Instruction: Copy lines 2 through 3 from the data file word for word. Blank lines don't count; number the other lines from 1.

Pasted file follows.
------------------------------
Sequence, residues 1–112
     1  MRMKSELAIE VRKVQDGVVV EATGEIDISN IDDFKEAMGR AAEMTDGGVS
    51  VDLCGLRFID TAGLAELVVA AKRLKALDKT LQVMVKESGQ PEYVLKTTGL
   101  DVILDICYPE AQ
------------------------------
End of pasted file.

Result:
     1  MRMKSELAIE VRKVQDGVVV EATGEIDISN IDDFKEAMGR AAEMTDGGVS
    51  VDLCGLRFID TAGLAELVVA AKRLKALDKT LQVMVKESGQ PEYVLKTTGL